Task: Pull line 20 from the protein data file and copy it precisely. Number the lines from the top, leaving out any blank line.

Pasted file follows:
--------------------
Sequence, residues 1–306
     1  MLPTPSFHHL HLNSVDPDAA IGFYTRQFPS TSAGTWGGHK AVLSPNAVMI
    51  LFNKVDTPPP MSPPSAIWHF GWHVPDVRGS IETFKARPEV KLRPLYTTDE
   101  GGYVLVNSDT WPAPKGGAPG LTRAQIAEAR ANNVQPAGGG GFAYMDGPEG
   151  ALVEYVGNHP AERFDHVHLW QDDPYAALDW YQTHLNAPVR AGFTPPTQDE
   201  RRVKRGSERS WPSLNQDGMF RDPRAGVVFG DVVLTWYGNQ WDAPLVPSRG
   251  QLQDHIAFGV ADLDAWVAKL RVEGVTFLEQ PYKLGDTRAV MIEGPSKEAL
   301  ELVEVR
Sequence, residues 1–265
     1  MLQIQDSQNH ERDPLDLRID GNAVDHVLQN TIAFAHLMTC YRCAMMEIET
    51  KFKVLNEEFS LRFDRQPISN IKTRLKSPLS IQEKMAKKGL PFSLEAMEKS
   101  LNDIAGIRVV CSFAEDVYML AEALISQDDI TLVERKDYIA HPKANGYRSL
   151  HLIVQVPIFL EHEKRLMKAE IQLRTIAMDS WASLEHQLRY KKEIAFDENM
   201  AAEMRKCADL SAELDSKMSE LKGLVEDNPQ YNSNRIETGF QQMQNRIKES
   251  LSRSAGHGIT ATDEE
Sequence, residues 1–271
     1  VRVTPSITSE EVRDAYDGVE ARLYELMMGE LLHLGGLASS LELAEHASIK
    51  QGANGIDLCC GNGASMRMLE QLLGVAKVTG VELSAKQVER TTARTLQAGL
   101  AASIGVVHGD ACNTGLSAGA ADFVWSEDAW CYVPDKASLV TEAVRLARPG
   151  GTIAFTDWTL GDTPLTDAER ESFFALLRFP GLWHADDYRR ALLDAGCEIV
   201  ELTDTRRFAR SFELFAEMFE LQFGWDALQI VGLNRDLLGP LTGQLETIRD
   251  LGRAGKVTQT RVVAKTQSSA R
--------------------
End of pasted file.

   151  GTIAFTDWTL GDTPLTDAER ESFFALLRFP GLWHADDYRR ALLDAGCEIV